“But the action has been entered,” said Lady Hartledon.
“I beg your pardon, madam. Lord Hartledon is, I should imagine, the only man living who could suppose me capable of such a thing.”
“And you have not entered on it!” she reiterated, half bewildered by the denial.
“Most certainly not. When I parted with Lord Hartledon on a certain evening, which probably your ladyship remembers, I washed my hands of him for good, desiring never to approach him in any way whatever, never hear of him, never see him again. Your husband, madam, is safe for me: I desire nothing better than to forget that such a man is in existence.”
Lifting his hat, he walked away. And Lady Hartledon stood and gazed after him as one in a dream.
MR. CARR AT WORK.
Thomas Carr was threading his way through the mazy precincts of Gray’s Inn, with that quick step and absorbed manner known only, I think, to the busy man of our busy metropolis. He was on his way to make some inquiries of a firm of solicitors, Messrs. Kedge and Reck, strangers to him in all but name.
Up some dark and dingy stairs, he knocked at a dark and dingy door: which, after a minute, opened of itself by some ingenious contrivance, and let him into a passage, whence he turned into a room, where two clerks were writing at a desk.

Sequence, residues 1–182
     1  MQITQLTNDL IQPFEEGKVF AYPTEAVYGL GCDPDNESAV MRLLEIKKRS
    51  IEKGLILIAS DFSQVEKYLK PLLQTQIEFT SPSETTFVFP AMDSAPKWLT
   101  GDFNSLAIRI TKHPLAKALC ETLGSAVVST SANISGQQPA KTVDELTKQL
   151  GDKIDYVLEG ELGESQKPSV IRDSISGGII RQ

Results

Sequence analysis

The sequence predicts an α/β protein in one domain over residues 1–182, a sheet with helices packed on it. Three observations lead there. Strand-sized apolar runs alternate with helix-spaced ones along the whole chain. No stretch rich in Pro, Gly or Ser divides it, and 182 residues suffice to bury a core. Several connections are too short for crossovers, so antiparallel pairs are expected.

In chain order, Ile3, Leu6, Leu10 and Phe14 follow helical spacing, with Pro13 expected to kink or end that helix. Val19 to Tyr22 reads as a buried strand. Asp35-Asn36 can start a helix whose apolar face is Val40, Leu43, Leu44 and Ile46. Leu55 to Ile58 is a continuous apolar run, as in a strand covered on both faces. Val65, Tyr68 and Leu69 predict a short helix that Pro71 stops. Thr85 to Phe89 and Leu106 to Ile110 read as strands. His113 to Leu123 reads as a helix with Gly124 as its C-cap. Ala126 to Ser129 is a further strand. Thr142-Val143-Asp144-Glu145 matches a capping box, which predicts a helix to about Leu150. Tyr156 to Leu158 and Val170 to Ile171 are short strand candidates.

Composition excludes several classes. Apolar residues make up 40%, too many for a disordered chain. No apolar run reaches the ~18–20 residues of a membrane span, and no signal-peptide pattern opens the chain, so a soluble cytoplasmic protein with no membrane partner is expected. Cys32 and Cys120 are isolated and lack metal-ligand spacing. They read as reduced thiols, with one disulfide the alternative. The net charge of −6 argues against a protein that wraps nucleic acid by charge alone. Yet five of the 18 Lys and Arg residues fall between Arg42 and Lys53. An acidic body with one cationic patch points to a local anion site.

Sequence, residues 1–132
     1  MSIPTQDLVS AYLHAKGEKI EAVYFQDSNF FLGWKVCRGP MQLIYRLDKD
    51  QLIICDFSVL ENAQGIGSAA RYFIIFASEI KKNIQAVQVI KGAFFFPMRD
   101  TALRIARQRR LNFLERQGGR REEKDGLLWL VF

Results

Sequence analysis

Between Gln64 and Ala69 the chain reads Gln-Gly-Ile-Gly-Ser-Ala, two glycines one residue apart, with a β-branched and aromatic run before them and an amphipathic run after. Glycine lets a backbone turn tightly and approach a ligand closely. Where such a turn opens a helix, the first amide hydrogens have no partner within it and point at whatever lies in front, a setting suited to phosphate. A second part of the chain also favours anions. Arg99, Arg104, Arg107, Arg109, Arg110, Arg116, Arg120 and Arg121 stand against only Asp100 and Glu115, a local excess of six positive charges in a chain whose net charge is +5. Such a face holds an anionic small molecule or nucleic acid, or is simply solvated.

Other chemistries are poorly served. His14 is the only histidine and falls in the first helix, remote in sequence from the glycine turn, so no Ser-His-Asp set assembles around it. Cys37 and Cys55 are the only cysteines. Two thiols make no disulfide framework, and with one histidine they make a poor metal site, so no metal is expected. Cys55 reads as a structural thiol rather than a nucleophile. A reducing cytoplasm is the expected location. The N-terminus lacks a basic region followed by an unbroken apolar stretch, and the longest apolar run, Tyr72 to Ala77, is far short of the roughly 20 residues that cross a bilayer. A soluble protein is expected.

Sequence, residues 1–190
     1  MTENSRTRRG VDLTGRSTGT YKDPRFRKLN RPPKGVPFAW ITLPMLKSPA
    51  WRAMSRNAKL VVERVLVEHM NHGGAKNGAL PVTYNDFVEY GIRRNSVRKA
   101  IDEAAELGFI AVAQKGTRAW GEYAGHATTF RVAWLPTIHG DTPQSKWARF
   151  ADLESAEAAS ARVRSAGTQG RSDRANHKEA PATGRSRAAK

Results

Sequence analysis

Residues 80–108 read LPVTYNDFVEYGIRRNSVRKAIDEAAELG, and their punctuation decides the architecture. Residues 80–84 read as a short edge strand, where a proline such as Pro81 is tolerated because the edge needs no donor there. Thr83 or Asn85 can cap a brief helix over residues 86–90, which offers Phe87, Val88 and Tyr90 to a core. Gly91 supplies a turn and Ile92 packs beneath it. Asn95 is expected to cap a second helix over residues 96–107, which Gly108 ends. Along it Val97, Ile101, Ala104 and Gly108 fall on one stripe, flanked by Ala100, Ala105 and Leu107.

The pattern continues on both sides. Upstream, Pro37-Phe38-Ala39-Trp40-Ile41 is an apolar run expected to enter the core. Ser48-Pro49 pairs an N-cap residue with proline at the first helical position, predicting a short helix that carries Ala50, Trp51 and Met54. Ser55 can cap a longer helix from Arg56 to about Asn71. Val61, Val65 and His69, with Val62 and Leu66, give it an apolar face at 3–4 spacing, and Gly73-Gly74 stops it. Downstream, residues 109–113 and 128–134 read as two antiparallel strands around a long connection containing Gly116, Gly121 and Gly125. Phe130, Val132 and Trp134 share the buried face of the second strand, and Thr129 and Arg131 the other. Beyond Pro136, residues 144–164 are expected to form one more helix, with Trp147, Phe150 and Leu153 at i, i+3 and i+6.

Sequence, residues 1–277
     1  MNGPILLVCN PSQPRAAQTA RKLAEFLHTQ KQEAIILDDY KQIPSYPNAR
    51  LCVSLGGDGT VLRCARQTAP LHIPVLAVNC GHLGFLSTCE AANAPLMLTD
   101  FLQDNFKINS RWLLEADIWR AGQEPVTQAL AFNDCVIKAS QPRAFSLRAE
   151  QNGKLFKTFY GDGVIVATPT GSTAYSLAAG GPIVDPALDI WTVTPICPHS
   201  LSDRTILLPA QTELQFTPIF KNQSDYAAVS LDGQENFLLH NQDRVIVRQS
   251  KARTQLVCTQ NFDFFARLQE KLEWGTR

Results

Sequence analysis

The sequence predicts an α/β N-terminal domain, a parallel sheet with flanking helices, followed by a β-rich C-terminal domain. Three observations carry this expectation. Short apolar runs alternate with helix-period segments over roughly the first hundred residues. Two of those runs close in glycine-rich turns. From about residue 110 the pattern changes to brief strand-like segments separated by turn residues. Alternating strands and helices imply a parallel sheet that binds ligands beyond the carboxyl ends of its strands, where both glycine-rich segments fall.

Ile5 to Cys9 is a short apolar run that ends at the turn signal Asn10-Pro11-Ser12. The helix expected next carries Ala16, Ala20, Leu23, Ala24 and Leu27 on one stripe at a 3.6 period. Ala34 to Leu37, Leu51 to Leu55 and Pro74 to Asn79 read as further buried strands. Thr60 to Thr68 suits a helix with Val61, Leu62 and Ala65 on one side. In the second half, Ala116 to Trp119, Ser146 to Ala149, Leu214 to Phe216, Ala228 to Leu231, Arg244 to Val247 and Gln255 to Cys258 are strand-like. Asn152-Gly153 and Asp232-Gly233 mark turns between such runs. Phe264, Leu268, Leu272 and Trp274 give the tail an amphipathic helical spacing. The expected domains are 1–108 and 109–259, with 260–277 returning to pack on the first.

“Can I see Mr. Kedge?”
“Not in,” said one of the clerks, without looking up.
“Mr. Reck, then?”
“When will either of them be in?” continued the barrister; thinking that if he were Messrs. Kedge and Reck the clerk would get his discharge for incivility.
“Can’t say. What’s your business?”
“My business is with them: not with you.”
“You can see the managing clerk.”
“I wish to see one of the partners.”
“Could you give your name?” continued the gentleman, equably.
Mr. Carr handed in his card. The clerk glanced at it, and surreptitiously showed it to his companion; and both of them looked up at him. Mr. Carr of the Temple was known by reputation, and they condescended to become civil.
“Take a seat for a moment, sir,” said the one. “I’ll inquire how long Mr. Kedge will be; but Mr. Reek’s not in town to-day.”
A few minutes, and Thomas Carr found himself in a small square room with the head of the firm, a youngish man and somewhat of a dandy, especially genial in manner, as though in contrast to his clerk. He welcomed the rising barrister.
“There’s as much difficulty in getting to see you as if you were Pope of Rome,” cried Mr. Carr, good humouredly.
The lawyer laughed. “Hopkins did not know you: and strangers are generally introduced to Mr. Reck, or to our managing clerk. What can I do for you, Mr. Carr?”